What a great start for this wonderful author. I enjoy romantic novels, however, most of them are too perfect and everything just is so fantasized.

Well in this story about a woman having a crush on a man for over 15 years and stalking him for that long, but later finding that she doesnt really love him is clever.

What i like about this author and about this, her first book, is the fact that the first person character is written wonderfully. You really get to be in Millie Barnes' shoes. Also, the dialogue that she uses is so common and easy to understand. Higgins definitely writes her novels in language that everyone can relate to.

The fact that the main female character falls in love with her ex brother in law is a little weird, but pulls it off wonderfully nonetheless. Sam (Millie's ex brother in law) is portrayed as the best man in the world. He truly is a prince charming.

I definitely recommend this book if you like romantic novels and want a fresh twist to the regulars on Harlequin or the like. Can't wait for her next one..
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13 of 14 people found the following review helpful By Tracy Vest VINE VOICE on March 17, 2007
Format: Mass Market Paperback
Since her freshman year in high school, Millie Barnes has been head over heels for Joe Carpenter. A brainy and plain gal, she was all but ignored by Joe, in an adolescence that was filled with angst, unwanted baby fat, and acne. After stalking him for over a decade to find out his likes and dislikes, she's about to return to Cape Cod, and has a plan for landing her man. Coinciding with her return is the divorce of her older sister, who has relocated to New Jersey with her new man, so she consoles her former brother-in-law Sam and his son with meals and tries to set Sam up with her divorced friend.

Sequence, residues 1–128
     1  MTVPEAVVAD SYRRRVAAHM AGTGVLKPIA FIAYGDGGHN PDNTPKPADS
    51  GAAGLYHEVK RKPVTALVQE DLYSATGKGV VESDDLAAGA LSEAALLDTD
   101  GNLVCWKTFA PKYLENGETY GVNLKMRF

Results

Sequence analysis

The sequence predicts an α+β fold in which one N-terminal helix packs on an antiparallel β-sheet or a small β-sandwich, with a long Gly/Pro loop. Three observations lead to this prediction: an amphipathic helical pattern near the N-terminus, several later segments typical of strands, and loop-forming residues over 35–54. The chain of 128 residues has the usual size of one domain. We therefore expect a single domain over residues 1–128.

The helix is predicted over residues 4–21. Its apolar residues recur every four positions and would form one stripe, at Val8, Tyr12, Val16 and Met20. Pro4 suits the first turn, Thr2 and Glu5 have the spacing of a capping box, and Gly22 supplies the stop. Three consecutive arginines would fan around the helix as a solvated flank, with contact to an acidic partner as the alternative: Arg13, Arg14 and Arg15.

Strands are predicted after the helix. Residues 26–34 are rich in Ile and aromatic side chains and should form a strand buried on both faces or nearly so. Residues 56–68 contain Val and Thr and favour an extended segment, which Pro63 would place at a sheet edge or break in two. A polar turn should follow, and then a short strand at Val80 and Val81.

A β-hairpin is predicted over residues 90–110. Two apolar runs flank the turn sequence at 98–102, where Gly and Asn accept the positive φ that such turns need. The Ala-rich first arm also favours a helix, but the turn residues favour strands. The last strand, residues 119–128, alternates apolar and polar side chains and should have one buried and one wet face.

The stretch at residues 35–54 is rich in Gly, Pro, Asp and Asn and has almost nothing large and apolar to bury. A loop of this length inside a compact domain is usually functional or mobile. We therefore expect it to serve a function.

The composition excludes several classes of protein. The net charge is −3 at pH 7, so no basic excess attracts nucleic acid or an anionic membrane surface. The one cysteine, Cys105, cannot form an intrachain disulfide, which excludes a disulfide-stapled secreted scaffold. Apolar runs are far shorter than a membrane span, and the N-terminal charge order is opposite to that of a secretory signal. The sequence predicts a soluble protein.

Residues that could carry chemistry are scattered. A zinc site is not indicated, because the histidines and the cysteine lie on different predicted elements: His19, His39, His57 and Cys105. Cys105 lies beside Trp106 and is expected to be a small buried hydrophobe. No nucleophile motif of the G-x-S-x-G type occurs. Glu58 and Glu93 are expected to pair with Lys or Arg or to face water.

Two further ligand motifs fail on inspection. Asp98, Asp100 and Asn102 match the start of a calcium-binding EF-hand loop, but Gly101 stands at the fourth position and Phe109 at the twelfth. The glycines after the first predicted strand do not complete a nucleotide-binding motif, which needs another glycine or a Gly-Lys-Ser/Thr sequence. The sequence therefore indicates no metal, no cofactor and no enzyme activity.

Armed with a new body, new job as a physician at the local clinic, new wardrobe, and a funky new hairstyle, Millie does in fact snare her man. But is this Joe the same Joe she's idolized most of her life? As the two begin a relationship, Millie realizes something is missing. Will she follow her heart and attempt a chance withthe man she truly loves?

Higgins first novel is a sweet and romantic comedy told from the protagonist's point of view, which makes for some funny anecdotes and reactions. The sibling rivalry between Millie and the seemingly perfect older sister Trish is poignant (though Trish is a hard character to like). And the interactions between father and daughter ring so authentic, that I envisioned my own late father while reading the story. This one is a gem and not to be missed.
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7 of 7 people found the following review helpful By CRosaB on September 15, 2010